“You do know me. Soy familia. I am the pain and confusion that you feel. I understand what it means to not be good enough, not pretty enough. My husband left me for someone younger, richer.”
I looked down. She wasn’t wearing any shoes. Her toes pressed into the dirt and a black beetle
moved across her foot.
“Gabriela, I can help you. I can make your pain and confusion go away,” she held her arms out.
I looked into her black eyes and all I could see was sadness. My heart slowed and I felt her love in the air around me. I moved into her arms and wrapped my arms around her. She hugged me like she was my mother. We stood still until she started to sway us back and forth into a soft dance. Her whispers in my ear told me exactly what I needed to do to make the pain and confusion go away.
The next day at school, I told Jackie and her friends that I saw Francisco down at the creek and he wanted Jackie to meet him there after school. The anger in her face softened.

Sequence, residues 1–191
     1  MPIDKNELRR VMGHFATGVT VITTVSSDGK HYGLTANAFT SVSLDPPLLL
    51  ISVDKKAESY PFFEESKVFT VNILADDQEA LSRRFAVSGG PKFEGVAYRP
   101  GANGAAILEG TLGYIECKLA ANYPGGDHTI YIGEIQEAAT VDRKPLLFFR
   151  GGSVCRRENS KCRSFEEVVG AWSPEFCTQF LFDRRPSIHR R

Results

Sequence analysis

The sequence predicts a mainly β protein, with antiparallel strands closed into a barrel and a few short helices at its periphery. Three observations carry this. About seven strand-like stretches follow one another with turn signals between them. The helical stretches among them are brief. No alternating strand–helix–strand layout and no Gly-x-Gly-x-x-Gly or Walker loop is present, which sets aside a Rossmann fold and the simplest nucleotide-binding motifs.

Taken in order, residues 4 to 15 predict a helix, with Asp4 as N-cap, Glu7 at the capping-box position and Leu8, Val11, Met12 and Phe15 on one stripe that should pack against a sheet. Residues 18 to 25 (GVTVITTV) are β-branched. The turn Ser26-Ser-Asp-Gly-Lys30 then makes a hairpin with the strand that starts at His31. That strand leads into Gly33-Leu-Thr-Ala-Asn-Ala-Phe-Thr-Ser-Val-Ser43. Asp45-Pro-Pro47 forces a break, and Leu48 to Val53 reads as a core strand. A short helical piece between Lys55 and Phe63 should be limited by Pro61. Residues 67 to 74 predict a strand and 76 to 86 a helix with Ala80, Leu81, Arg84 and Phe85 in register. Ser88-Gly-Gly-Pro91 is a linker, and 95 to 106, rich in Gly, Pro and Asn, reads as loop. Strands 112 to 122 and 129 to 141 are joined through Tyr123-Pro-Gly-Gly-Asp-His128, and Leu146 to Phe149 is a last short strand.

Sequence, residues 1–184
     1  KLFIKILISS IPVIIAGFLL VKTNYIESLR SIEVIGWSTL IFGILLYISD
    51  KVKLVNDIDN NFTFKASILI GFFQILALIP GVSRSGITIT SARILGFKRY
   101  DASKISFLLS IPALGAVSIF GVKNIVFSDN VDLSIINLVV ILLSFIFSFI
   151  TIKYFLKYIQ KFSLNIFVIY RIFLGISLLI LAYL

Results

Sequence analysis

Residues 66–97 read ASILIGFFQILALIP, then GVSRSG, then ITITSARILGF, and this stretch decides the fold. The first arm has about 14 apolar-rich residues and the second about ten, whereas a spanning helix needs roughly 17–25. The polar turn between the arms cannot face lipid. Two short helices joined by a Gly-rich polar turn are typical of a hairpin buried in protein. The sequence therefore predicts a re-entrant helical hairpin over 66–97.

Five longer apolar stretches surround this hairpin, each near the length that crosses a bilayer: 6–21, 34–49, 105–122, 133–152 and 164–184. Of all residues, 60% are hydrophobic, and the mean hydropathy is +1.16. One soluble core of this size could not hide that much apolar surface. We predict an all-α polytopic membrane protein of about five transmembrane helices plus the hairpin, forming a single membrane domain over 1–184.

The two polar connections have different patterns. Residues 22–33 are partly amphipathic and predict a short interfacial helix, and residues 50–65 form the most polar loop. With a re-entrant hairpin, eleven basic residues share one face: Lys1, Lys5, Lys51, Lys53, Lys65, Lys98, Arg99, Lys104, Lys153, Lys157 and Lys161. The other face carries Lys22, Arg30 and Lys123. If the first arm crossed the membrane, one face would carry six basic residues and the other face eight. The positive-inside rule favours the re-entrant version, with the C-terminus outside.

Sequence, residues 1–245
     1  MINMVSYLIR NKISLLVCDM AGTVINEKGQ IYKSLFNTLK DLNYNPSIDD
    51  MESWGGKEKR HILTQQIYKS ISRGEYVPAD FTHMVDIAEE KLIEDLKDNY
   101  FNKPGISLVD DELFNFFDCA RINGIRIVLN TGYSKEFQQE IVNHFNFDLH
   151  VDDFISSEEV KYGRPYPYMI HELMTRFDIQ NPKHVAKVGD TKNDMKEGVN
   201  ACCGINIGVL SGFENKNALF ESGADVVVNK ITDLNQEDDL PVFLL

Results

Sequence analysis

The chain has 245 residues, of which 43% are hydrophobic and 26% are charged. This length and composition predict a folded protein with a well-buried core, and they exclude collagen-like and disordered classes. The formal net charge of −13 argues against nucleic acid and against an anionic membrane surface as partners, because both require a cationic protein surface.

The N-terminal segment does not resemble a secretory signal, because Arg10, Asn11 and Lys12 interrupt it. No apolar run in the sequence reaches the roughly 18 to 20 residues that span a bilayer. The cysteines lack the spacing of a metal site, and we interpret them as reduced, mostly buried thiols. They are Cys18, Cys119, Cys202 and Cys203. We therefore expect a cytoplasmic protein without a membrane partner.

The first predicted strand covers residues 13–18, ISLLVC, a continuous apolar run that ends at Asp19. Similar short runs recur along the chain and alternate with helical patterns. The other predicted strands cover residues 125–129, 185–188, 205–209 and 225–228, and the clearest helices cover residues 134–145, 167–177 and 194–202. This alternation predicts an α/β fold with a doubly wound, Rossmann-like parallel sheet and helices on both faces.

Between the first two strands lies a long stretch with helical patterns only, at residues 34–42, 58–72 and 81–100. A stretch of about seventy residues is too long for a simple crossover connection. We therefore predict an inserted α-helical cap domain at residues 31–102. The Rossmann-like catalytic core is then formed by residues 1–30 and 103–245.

“How do I know you’re telling the truth?”
I pulled out a note from my backpack, “Here, he wanted me to give you this.”
She opened it and it was the first time I saw a smile crawl across her face. She saw that I noticed, and her smile dropped dead.
“It’s your loss if you don’t go,” I said. “I’m just letting you know.” I walked away.
Jackie and her two friends were not seen again. The San Jose police were called out to do a search. The entire school was talking about how Jackie and her friends went missing, how the police couldn’t find her and how she must’ve run off with Francisco, but the night they went missing, he was at a football game.
The three girls were found at the creek. Their bodies lay face down in the water, their hair like long spider legs reaching out across the current, threads of dead life floating. Swaying. As shallow as the creek was, the cause of death was drowning. No one understood how it happened, but I knew.
“What’s your last name?”
That old, familiar question. This time asked by a sophomore at my high school.
“Gabriela Ramirez,” I said.
“Oh, I see.” She stared me down. “You’re that kind of Mexican.”
I smiled. “Yeah, I guess I am.”